around Africa.  From about 1430 on he tirelessly promoted voyages down the west coast, pressing his captains to go past the Canaries, furthest point that had been reached by that time.  To do so, Henry had to overcome two obstacles.  The first was their conviction that, once they neared the Equator, they would run into boiling water, a marine hazard they wanted no part of.  The other was the same that must have confronted the ancients:  how were they to return home in the face of northern winds and adverse currents?  The problem was even more acute in their case than in Hanno's since their ships, unlike his, had no oarsmen and depended on sail alone.

      Portuguese shipwrights came up with an answer to the second obstacle:  a new type of vessel.  The sail that was standard on all seagoing craft, and had been from ancient times right up to the period that we are discussing, was the squaresail.  It operated poorly when the wind was foul but splendidly when it was fair, and in those unhurried days skippers about to set off on a long crossing simply waited until the wind turned fair.  Another kind of sail was also available, a triangular type called the lateen.  This produced much better results than a squaresail against a foul wind, although it was not as good when the wind was fair.  It was favored for small boats since seamen generally used these for short runs in all directions and needed a sail that could produce headway no matter where the wind was blowing

      The craft that the Portuguese developed for their voyages along the west coast of Africa was called the caravel.  It was relatively small and light and hence fast.  But its key feature was its rig:  it had three masts, each carrying a lateen sail; the caravel was thus equipped to make the best possible headway against a foul wind.  Two of Columbus's ships - the Pinta and his favorite, the Nina - were caravels, and they give us an idea of the modest size of these vessels; the Pinta was about 69 feet long and the Nina 55, no bigger than the yachts many a wealthy sportsman today maintains for cruising or fishing forays.  Using caravels, Portuguese seamen were able to sail down to the Canaries with the wind and work their way back against it.  In 1434 one of Henry's captains, Gil Eanes, commanding a caravel, dared to enter the hitherto untried waters past Cape Bojador; he not only disposed of the boiling water myth but was able to demonstrate that a sailing ship could get back by the volta do mar largo "turn on the open sea," a long slant from the Canaries to the Azores and a second long slant from there to Lisbon, both against the wind.  Once Eanes had shown the way, progress was swift.  Two years after his pioneering voyage, Alfonso Gonsalves reached the Rio del Oro on the Tropic of Cancer.  By the time of Henry's death around 1460, his ships had passed Cape Verde and were within ten degrees of the Equator.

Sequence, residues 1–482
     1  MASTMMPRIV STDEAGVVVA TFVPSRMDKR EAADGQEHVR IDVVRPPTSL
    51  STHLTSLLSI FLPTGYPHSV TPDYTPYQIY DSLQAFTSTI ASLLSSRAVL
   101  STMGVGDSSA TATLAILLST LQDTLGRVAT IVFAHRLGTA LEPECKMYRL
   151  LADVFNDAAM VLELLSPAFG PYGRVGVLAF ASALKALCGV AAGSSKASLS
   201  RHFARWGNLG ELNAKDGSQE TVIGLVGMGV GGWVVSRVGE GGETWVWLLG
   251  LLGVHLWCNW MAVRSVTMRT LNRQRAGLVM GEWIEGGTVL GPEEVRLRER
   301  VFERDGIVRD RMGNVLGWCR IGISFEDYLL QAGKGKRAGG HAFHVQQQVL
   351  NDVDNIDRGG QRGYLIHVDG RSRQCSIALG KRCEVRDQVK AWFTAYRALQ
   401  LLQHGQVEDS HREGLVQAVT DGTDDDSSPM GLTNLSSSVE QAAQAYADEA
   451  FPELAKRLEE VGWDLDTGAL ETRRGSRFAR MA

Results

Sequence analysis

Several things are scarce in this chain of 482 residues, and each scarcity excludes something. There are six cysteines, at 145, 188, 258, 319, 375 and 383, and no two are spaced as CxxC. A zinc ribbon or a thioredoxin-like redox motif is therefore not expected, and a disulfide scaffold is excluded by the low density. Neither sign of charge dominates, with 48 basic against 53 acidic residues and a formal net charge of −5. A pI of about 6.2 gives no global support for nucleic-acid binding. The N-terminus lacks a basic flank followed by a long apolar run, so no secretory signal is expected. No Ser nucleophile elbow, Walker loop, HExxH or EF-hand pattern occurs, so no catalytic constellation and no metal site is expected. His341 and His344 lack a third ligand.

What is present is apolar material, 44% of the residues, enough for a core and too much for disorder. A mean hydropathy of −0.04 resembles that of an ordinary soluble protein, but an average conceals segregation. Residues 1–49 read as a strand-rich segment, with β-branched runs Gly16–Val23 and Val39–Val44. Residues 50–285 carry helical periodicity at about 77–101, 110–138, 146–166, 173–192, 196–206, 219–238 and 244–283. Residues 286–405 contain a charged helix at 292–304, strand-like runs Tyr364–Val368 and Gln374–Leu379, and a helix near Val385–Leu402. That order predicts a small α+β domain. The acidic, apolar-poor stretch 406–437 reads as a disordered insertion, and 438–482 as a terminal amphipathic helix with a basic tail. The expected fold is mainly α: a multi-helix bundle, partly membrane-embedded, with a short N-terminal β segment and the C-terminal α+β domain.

In 1469, Alfonso V of Portugal granted a Lisbon merchant a monopoly on trade with the Guinea coast on condition that he explore one hundred leagues further every year.  By 1474 Portuguese ships had managed to cross the Gulf of Guinea, despite its heat and calms, and land on the island of Fernando Po, where the coast again runs southward.  By 1484 Diogo Cao had gotten as far as the mouth of the Congo; we can follow his progress for, at given intervals along the coast, he set up stone pillars, which have survived, and on a rock face some 100 miles up the Congo he carved an inscription announcing that "thus far did the ships of the illustrious King John of Portugal come."  Then, in the winter
of 1487-88, Bartolomeu Dias doubled the Cape of Good Hope.  The west coast of Africa, all of it, was finally added to the map of the world - and a new sea route to India, south to the tip of Africa and then northeast across the Indian Ocean, lay open.

      In 1484, Christopher Columbus was granted a hearing by Portugal's King John II.  Armed with charts and calculations about the circumference of the earth, he put before the king a daring plan - "to go and discover the Isle Cypango [Japan] by this Western Ocean," i.e., by sailing due west across the Atlantic to come upon Japan and the lands that lay beyond it:  China, the Indies, and India.  The plan was referred to the royal maritime advisory committee and was rejected.  Columbus turned to Queen Isabella of Spain; she too referred it to a committee, which unhurriedly debated it while they years passed, years that Columbus spent on tenterhooks.  Finally, in early 1488, he wrote to King John asking for another hearing; he received a cordial reply with an invitation to come - and arrived in Lisbon in time
to see Dias's three caravels sail into port after monumental voyage. That was the end of Portugal's interest in Columbus's enterprise.  He had one hope left - the Queen of Spain.

by  Lionel Casson in  "Archaeology" (May/June 1990, pp. 50-55)